As holiday and other family gatherings draw near, so does the pressure to be gracious, forgiving, happy and “normal.” Our expectations of ourselves and sense of others’ expectations can fuel internal conflict and guilt — particularly in situations involving ruptured relationships with parents or others.
Most of us know that holding onto anger and grudges is toxic to mental and physical health, as well as relationships. Alternatively, forgiveness can lead to better health and well-being, and even increase overall kindness. Forgiveness means letting go of anger, resentment, and the need for vengeance or justice. Paradoxically, when we forgive, we feel more empowered, freer, and less controlled by other people, allowing us to reclaim jurisdiction over ourselves and our lives.
Why, then, in some cases, can’t we just forgive?
Well, forgiveness is not so simple. We cannot just decide to forgive and command ourselves to make it happen through sheer force of will. Forgiveness can become especially loaded when family, cultural, or religious expectations threaten to shame or scare us into taking the high road. But forgiveness doesn’t work when we force ourselves to do it out of moral principle, guilt, fear, or self-doubt. Further, forced or superficial forgiveness can backfire. Rather than set us free, it can create insidious anger, resistance, and passive-aggressive behavior alternating with depression, guilt, and shame.
Forgiveness is most complicated when the person who harmed us denies that anything happened, normalizes it, or denies the impact it had. In fact, forgiving a spouse who fails to take responsibility and repeatedly offends has actually been shown to have negative — not positive — effects, increasing victimization and lowering the forgiver’s self-esteem (McNulty, 2011).
There can be no forgiveness if “nothing happened,” if the other person is not first held accountable in our mind, and if the offender’s position has overtaken the affective reality of our subjective experience. Forgiveness is not sustainable in the absence of significant self-reflection that establishes a cohesive, consistent sense of what happened and the impact it had on us.
The problem of denial becomes particularly relevant when the harm inflicted involves implicitly or explicitly blaming the victim, is invisible to others, and difficult to prove. Examples include sexual abuse and childhood psychological maltreatment: a pattern of making the child feel worthless, unloved, endangered, or only of value in meeting others’ needs (Spinazzola et al., 2014).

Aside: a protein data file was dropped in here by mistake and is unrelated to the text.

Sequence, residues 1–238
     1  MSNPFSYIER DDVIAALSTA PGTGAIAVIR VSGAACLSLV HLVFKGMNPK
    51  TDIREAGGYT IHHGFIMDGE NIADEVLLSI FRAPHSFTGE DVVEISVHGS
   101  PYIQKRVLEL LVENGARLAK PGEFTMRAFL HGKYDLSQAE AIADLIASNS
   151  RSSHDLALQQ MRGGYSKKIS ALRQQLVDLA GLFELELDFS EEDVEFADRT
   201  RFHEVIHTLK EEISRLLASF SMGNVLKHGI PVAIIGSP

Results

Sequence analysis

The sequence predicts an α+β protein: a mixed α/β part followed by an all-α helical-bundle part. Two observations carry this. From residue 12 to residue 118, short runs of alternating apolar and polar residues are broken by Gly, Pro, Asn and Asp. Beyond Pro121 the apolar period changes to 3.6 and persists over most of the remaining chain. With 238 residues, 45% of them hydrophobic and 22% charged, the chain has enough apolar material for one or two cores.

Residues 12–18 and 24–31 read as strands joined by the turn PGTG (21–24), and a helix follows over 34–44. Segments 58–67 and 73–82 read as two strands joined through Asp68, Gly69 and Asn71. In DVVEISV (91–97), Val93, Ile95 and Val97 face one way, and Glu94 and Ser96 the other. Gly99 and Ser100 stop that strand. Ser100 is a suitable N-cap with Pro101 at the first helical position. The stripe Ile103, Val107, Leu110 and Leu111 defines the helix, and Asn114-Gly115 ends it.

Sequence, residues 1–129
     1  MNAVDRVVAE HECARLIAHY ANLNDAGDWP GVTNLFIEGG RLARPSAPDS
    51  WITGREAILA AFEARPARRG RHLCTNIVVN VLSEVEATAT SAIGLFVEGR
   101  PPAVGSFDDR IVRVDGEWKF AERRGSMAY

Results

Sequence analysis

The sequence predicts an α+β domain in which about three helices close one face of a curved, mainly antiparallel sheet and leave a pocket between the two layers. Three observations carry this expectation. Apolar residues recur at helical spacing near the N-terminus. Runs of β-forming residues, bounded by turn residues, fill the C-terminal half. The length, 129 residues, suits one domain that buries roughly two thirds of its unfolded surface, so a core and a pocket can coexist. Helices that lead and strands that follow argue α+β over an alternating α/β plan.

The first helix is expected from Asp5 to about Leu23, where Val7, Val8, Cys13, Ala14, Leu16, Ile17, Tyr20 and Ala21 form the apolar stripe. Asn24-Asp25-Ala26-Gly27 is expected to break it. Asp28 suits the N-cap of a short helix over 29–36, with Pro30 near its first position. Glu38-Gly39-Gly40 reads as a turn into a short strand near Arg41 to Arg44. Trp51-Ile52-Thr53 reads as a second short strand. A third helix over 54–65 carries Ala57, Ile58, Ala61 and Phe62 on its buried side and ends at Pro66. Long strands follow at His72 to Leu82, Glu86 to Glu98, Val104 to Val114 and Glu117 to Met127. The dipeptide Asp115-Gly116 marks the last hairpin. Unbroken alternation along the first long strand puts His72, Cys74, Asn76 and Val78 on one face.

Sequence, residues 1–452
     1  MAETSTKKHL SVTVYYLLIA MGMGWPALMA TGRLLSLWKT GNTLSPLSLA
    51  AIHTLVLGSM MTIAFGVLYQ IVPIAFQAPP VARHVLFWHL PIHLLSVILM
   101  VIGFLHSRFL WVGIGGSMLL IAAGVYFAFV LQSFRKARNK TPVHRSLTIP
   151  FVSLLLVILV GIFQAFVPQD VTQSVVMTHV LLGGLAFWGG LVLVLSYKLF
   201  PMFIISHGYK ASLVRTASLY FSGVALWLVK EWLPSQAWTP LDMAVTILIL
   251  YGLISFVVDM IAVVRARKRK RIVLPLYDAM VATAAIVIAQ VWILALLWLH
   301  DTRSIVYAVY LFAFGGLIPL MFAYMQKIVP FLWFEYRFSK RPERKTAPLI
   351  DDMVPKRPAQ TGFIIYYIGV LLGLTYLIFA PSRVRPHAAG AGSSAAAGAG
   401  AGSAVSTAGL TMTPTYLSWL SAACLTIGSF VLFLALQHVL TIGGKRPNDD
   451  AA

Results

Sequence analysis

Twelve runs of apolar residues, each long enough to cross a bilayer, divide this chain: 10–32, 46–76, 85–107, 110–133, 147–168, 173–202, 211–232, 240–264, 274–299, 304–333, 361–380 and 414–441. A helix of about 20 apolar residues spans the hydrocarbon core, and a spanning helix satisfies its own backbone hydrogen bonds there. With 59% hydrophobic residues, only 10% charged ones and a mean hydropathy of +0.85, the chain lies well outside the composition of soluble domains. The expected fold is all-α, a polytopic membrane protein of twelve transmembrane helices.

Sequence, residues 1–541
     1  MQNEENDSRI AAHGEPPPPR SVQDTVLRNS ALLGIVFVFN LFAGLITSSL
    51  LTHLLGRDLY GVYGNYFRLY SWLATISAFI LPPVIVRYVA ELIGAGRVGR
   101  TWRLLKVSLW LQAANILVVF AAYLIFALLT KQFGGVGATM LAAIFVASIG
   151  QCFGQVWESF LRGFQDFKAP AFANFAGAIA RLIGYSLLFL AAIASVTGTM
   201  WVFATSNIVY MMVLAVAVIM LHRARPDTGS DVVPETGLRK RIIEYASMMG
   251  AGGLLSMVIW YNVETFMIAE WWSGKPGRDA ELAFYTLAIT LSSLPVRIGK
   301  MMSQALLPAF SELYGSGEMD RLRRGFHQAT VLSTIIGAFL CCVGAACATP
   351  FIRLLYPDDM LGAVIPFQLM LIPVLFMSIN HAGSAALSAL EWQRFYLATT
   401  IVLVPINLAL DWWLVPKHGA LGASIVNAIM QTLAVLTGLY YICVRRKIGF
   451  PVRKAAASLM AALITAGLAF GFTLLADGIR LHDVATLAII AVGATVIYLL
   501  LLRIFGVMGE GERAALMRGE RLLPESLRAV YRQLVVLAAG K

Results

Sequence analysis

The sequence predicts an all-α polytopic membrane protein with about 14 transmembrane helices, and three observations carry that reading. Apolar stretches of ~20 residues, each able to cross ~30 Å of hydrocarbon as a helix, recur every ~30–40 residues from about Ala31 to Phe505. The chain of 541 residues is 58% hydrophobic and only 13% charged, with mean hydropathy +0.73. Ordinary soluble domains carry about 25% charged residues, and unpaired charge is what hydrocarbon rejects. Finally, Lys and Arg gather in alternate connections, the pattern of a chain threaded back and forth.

In these situations, the offending person’s position of denial and blame is often internalized alongside the truth of our own experience battling to be heard. This dual track leads to wavering between defending our right to be angry and secretly feeling guilty, ashamed, and self-critical. Both sides are played out internally without resolution or integration.
In this way, the mind-bending effect of past trauma is repeated later internally, reinforcing a dysfunctional family dynamic in which there is confusion about who is doing what to whom. When emotional manipulations and distortions are disowned and hostility disguised as caring, it’s easy to lose track of what’s really happening. Blame is projected onto the victim, who internalizes and holds the guilt instead. Particular personality characteristics of the offending person can protect him or her from feeling guilty or responsible, for example: self-centeredness, blurred boundaries, lack of self-awareness, possessiveness, inability to take responsibility for one’s own feelings and behavior, tendency to misinterpret other people’s intentions, and pathological certainty of being “right.”